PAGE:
I'm a bit stumped on this question. I've been thinking about it, and wanted to perhaps apply the Schwarz Lemma, and or, the argument principle, but I really have no idea how to begin. The question is:

Does there exist a function meromorphic on the complex plane whose set of zeros is precisely the unit circle ?

Any hints or feedback is appreciated : )

Originally I had holomorphic, which was an error. Though I don't know if meromorphic will make a difference.

  • $\begingroup$ I edited my answer. $\endgroup$ – M.G Dec 14 '15 at 3:05

No, such a meromorphic function cannot exist.

Identity Principle : Let $D$ be an open connected subset of $\mathbb{C}$ and let $f, g \in \text{Hol}(\mathbb{D})$. If the following set $$ \big\{ z \in \mathbb{C} :~~ f(z) = g(z) \big\}$$ has a non-isolated point then $f \equiv g$ on $D$.

Answer to your question : Suppose $f(z)$ is a meromorphic function such that $f(z) = 0$ for all $z \in \mathbb{C}$ satisfying $|z| = 1$. Let $E$ be the set of poles of $f$. Then $f \in \text{Hol}(\mathbb{C}\backslash E)$. Apply the Identity Principle to $f(z)$ and $0(z)$ i.e the function defined to be zero on $\mathbb{C}\backslash E$. Since the unit circle clearly has non-isolated points, we conclude that $f \equiv 0$ on $\mathbb{C}\backslash E$.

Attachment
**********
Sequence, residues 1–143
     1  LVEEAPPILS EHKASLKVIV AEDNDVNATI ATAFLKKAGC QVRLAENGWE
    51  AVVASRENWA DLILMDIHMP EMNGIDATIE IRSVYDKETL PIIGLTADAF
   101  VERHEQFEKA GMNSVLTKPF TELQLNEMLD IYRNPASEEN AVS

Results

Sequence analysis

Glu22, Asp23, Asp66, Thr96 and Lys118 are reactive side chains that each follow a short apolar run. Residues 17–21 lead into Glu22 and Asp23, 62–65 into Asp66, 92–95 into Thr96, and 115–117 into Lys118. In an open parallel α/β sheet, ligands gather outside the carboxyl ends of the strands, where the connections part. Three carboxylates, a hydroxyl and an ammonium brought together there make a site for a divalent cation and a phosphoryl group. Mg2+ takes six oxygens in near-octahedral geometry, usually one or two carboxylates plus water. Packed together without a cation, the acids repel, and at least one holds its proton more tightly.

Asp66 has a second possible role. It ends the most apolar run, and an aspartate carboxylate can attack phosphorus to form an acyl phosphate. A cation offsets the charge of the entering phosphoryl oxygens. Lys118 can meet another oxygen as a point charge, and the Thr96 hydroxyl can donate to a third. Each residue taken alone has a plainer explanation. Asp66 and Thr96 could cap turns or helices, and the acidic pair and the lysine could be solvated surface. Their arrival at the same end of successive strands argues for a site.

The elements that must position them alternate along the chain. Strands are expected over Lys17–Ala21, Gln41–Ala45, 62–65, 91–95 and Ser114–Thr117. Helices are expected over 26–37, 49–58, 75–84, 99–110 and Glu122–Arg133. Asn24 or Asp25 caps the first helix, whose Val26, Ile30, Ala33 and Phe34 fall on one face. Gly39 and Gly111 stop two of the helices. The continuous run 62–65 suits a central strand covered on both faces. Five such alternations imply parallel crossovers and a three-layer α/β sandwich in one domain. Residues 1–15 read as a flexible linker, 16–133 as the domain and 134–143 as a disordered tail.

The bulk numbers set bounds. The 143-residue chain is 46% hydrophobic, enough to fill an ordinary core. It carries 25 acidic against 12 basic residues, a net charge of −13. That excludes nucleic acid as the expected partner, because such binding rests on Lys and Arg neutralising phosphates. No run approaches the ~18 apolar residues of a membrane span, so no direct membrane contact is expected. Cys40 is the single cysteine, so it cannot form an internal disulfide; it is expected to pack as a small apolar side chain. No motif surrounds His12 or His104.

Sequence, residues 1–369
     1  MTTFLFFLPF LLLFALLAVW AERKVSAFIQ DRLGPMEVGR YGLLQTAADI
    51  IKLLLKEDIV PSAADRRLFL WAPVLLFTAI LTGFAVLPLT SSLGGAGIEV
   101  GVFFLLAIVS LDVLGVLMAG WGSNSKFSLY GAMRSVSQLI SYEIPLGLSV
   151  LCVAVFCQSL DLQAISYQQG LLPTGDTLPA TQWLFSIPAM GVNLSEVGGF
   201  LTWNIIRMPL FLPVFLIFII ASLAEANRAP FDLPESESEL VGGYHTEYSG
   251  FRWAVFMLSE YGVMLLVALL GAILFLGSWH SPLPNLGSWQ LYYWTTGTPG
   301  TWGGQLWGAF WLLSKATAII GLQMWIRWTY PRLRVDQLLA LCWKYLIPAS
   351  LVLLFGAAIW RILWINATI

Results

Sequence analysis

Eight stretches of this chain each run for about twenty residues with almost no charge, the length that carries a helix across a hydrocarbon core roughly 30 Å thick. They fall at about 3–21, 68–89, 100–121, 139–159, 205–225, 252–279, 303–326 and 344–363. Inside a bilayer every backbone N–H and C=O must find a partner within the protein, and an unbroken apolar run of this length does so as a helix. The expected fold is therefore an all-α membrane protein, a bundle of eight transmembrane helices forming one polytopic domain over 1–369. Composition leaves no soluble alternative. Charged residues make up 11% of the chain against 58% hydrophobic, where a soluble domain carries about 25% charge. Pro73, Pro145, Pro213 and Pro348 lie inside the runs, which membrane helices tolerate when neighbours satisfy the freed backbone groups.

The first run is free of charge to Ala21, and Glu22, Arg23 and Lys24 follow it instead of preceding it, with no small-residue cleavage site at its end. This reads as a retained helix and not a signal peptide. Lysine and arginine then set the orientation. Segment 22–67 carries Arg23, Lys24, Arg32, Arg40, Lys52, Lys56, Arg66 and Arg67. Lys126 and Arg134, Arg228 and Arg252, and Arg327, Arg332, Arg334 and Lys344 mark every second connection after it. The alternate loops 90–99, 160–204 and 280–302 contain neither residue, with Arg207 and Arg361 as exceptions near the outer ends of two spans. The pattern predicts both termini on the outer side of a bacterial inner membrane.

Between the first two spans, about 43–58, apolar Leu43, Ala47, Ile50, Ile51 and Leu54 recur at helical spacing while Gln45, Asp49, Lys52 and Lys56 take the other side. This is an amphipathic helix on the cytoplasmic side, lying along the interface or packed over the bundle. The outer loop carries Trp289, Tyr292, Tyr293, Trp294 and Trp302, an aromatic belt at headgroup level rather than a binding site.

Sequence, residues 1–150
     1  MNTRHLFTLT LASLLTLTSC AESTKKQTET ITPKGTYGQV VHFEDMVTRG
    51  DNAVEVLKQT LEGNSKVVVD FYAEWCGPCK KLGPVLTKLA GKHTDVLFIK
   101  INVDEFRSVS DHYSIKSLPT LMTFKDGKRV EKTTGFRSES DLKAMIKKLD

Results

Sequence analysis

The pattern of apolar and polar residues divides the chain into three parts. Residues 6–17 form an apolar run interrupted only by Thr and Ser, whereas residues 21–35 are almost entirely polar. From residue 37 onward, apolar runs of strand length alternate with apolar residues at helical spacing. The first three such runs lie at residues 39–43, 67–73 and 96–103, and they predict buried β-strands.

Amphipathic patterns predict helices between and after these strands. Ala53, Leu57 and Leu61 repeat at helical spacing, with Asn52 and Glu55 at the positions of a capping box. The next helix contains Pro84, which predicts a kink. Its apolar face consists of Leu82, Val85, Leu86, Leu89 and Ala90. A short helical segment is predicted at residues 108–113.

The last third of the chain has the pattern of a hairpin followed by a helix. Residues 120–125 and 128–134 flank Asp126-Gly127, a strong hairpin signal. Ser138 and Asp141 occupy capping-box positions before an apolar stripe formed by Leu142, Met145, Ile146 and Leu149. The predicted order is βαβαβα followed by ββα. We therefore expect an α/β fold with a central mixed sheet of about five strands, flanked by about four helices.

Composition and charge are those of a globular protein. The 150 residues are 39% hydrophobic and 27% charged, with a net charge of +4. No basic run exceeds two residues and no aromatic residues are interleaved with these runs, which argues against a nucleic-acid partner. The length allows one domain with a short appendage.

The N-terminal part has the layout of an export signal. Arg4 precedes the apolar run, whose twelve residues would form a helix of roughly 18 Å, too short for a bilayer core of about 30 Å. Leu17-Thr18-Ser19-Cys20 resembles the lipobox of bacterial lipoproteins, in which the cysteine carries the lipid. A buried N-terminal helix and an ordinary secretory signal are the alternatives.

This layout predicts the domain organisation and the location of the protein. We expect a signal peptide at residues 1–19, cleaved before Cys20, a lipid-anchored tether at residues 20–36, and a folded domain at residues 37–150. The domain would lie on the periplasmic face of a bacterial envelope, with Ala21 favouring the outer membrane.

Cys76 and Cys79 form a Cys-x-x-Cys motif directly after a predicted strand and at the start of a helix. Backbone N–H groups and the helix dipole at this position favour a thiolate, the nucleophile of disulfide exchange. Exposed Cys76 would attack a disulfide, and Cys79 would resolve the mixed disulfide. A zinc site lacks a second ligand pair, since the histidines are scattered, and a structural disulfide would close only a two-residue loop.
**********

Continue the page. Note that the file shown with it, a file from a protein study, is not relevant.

Moral : The zeroes of non-constant meromorphic functions are isolated and the Identity Principle is a corollary of this fact.

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  • $\begingroup$ I'm not sure how to see the immediately down the identity principle. $\endgroup$ – mathgenesis22813 Dec 14 '15 at 1:34
  • $\begingroup$ Why the down vote ? $\endgroup$ – M.G Dec 14 '15 at 1:42
  • $\begingroup$ It was accidental. $\endgroup$ – mathgenesis22813 Dec 14 '15 at 1:43
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    $\begingroup$ thx for your useful comment on my answer. i've inserted the missing constant $\endgroup$ – David Holden Dec 14 '15 at 2:03

if $f$ is holomorphic on $\mathbb{C}$, then for $|\zeta| \lt 1 $ $$ f(\zeta) = \frac1{2\pi i}\oint_{|z|=1} \frac{f(z)dz}{z-\zeta} = 0 $$

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